“Tim is Indiana Jones for the digital age. I’ve already used his advice to go spearfishing on remote islands and ski the best hidden slopes of Argentina. Simply put, do what he says and you can live like a millionaire.”
Albert Pope, Derivatives Trading, UBS World Headquarters
If we want to exceed in life, it’s worth trying what others who have succeeded have done. And see how it works for us.
Successful people’s daily routines and habits are something crucial, and often neglected. But in the long term, it’s how they spend their days – together with the little things they do first thing in the morning and before bed, the time they wake up, their attitude throughout the day and how they react to the unexpected things that happen – that separates them from the rest of the world.
Such people don’t just get up in the morning and start their day in a rush, trying to look busy and get as much done as possible. No!
They get out of bed earlier than they have to and have time for themselves first. It’s usually the only time of the day that is so peaceful and without distractions and they spend it doing pleasant, healthy, creative and positive activities.
That’s their morning ritual – what they do first thing in the morning to jumpstart the day and win it.
And when we talk about success and productivity, we can all benefit from Tim Ferriss – the person who’s proven that a single individual can achieve greatness and reach the top in many areas, that we all have the ability to adapt to any situation and learn any skill if we decide to give it enough time.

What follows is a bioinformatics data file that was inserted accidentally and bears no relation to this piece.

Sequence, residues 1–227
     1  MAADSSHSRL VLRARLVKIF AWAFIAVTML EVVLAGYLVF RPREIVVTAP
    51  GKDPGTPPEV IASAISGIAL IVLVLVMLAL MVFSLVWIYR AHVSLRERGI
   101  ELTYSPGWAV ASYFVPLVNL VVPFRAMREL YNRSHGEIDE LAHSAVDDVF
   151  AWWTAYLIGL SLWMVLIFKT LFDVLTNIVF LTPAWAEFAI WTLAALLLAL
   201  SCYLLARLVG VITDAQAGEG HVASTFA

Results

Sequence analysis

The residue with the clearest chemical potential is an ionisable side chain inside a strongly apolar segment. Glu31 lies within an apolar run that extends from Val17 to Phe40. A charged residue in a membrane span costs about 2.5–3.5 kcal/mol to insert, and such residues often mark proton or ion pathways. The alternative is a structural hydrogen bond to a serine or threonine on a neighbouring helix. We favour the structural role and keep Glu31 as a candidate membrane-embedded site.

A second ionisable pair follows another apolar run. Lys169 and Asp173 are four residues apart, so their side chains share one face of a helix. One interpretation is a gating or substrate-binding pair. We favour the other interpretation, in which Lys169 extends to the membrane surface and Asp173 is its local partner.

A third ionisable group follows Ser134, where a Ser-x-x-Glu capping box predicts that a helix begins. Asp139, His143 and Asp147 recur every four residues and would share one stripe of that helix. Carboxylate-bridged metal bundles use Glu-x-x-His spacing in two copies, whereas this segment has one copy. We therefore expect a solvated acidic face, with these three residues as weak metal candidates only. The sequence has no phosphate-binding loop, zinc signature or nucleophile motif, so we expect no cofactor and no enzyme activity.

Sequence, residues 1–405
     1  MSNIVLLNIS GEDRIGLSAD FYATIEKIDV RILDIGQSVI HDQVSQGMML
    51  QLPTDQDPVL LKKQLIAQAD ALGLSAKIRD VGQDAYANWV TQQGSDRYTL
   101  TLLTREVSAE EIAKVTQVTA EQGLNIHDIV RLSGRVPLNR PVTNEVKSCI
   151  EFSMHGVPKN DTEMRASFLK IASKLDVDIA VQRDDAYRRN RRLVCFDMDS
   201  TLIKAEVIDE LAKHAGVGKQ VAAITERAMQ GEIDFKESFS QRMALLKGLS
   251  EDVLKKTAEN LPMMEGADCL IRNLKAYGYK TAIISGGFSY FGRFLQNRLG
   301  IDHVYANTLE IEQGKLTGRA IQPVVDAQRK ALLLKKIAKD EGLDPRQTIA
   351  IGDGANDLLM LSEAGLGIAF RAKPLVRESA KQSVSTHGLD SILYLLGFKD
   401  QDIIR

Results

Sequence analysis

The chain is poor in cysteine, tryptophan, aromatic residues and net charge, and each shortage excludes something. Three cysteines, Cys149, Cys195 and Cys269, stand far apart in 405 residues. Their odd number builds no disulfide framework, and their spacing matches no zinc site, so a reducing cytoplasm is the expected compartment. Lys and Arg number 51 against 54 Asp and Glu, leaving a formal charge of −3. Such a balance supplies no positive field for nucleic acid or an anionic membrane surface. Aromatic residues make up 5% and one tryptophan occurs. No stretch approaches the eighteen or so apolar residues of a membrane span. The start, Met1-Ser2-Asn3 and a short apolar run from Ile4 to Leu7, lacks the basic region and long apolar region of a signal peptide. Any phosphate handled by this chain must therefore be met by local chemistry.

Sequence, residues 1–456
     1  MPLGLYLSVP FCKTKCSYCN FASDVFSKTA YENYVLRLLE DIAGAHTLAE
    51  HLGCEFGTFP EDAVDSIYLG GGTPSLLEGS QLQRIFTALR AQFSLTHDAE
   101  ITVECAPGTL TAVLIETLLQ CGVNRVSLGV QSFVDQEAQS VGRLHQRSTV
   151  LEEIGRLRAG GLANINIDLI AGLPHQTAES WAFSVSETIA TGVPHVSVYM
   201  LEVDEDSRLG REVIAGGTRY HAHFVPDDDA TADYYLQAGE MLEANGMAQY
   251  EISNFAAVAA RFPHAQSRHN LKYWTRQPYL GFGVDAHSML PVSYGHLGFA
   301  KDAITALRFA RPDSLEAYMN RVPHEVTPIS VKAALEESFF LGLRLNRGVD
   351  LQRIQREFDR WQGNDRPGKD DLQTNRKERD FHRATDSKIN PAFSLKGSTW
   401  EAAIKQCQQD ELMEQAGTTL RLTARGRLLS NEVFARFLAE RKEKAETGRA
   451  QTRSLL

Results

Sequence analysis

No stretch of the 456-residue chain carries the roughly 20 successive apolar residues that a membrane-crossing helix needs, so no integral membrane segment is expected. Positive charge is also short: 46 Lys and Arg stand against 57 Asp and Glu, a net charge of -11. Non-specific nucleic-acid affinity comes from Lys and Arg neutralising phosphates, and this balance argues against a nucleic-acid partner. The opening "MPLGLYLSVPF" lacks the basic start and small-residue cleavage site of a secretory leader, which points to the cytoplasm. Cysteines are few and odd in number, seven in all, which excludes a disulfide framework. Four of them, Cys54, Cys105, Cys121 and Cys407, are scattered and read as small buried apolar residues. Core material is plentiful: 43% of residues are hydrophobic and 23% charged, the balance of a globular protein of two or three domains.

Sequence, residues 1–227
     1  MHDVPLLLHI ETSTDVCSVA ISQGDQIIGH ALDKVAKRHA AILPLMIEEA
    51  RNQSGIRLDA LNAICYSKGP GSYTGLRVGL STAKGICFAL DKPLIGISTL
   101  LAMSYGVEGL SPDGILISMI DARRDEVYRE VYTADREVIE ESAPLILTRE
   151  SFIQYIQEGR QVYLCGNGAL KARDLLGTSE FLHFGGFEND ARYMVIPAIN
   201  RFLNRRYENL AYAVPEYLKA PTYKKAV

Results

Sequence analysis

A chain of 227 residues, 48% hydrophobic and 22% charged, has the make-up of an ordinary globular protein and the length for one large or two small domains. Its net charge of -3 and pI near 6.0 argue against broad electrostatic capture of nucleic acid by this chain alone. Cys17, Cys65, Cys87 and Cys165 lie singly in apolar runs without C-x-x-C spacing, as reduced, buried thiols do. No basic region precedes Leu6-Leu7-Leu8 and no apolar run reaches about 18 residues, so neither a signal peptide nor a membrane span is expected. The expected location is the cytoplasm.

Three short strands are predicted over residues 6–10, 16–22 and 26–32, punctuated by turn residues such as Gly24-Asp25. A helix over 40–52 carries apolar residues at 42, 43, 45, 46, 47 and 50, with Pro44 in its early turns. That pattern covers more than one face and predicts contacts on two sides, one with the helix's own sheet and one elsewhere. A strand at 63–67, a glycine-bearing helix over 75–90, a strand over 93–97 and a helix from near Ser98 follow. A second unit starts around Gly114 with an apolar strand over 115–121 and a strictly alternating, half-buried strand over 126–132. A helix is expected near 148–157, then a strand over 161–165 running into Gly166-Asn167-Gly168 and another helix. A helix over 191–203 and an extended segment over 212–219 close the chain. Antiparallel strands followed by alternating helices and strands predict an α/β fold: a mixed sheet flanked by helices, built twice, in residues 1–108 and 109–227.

He’s the author of 3 #1 NYT/WSJ bestsellers, one of which is The 4-Hour Workweek – a book we’ve all heard of. And he still continues to produce huge amounts of written work.
He’s one of the most powerful personalities and most innovative businessmen, an entrepreneur, world traveler and lifestyle designer.
Described by The New Yorker Magazine as “this generation’s self help guru”, he’s also an investor and advisor in startups, successful blogger and podcaster, host of The Tim Ferriss Experiment – a TV show in which he hacks learning a new skill from scratch in each episode, including Brazilian Jiu-Jitsu, online dating, picking locks like a pro, winning at poker and more.
He considers himself a jack of all trades – speaks 5 languages fluently (2 of which are Japanese and Mandarin Chinese), holds a Guinness World Record in tango, is a national Chinese kickboxing champion, a great cook, has hacked sleep, productivity, the human body, and much more.
Enough with his list of achievements, though.
The point of mentioning all these was not to make anyone else feel inferior to him, but to give proof that the only things stopping us from succeeding in any area in life are the limitations and mental barriers we set to ourselves.
And the moment we read about someone like Tim Ferriss we should not feel discouraged and see what we can’t do and lack in our life compared to him, but instead ask ourselves “What helped him get there?”, “What does someone like him do daily that gives him this amount of energy, motivation and productivity?”
A good way to start achieving more in life and getting better at things is to ask ourselves “How does he start his day?”. So let’s see what one of the most influential, hard-working and ambitious people we know does first thing in the morning:
The 5-Step Morning Ritual That Helps Tim Ferriss Stay at The Top of His Game Daily
1. Make your bed.
Yes, the very first thing one of the richest and most famous people does is to make his bed.
Little things like that matter a lot when it comes to personal development. And over time have a huge effect on your other habits and approach to life.
You may be doing it too, and are now wondering why you’re not improving because of that. Maybe you don’t have the right attitude. Here’s why he does it:
- it gives a sense of control – even if the whole day is chaotic, this one thing remains done and organized. You start the day with a little step you take and complete the task successfully;